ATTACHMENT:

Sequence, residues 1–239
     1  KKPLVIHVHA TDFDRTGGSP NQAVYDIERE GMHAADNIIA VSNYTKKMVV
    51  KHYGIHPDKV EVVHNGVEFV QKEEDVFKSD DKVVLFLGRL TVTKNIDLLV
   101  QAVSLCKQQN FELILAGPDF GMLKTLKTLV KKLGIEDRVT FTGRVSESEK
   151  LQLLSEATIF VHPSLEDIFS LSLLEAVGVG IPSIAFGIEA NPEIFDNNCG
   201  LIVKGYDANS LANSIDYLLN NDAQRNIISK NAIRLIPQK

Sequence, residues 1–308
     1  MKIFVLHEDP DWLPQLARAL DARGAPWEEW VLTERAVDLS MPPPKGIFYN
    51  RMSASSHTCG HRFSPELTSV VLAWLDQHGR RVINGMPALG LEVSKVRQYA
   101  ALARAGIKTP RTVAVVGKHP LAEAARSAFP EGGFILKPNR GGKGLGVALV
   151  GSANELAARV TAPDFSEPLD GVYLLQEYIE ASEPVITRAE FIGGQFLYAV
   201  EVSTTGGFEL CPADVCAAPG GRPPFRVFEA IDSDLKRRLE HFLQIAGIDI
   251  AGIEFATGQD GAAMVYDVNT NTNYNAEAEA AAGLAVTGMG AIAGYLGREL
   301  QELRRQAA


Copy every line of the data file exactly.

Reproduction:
Sequence, residues 1–239
     1  KKPLVIHVHA TDFDRTGGSP NQAVYDIERE GMHAADNIIA VSNYTKKMVV
    51  KHYGIHPDKV EVVHNGVEFV QKEEDVFKSD DKVVLFLGRL TVTKNIDLLV
   101  QAVSLCKQQN FELILAGPDF GMLKTLKTLV KKLGIEDRVT FTGRVSESEK
   151  LQLLSEATIF VHPSLEDIFS LSLLEAVGVG IPSIAFGIEA NPEIFDNNCG
   201  LIVKGYDANS LANSIDYLLN NDAQRNIISK NAIRLIPQK

Sequence, residues 1–308
     1  MKIFVLHEDP DWLPQLARAL DARGAPWEEW VLTERAVDLS MPPPKGIFYN
    51  RMSASSHTCG HRFSPELTSV VLAWLDQHGR RVINGMPALG LEVSKVRQYA
   101  ALARAGIKTP RTVAVVGKHP LAEAARSAFP EGGFILKPNR GGKGLGVALV
   151  GSANELAARV TAPDFSEPLD GVYLLQEYIE ASEPVITRAE FIGGQFLYAV
   201  EVSTTGGFEL CPADVCAAPG GRPPFRVFEA IDSDLKRRLE HFLQIAGIDI
   251  AGIEFATGQD GAAMVYDVNT NTNYNAEAEA AAGLAVTGMG AIAGYLGREL
   301  QELRRQAA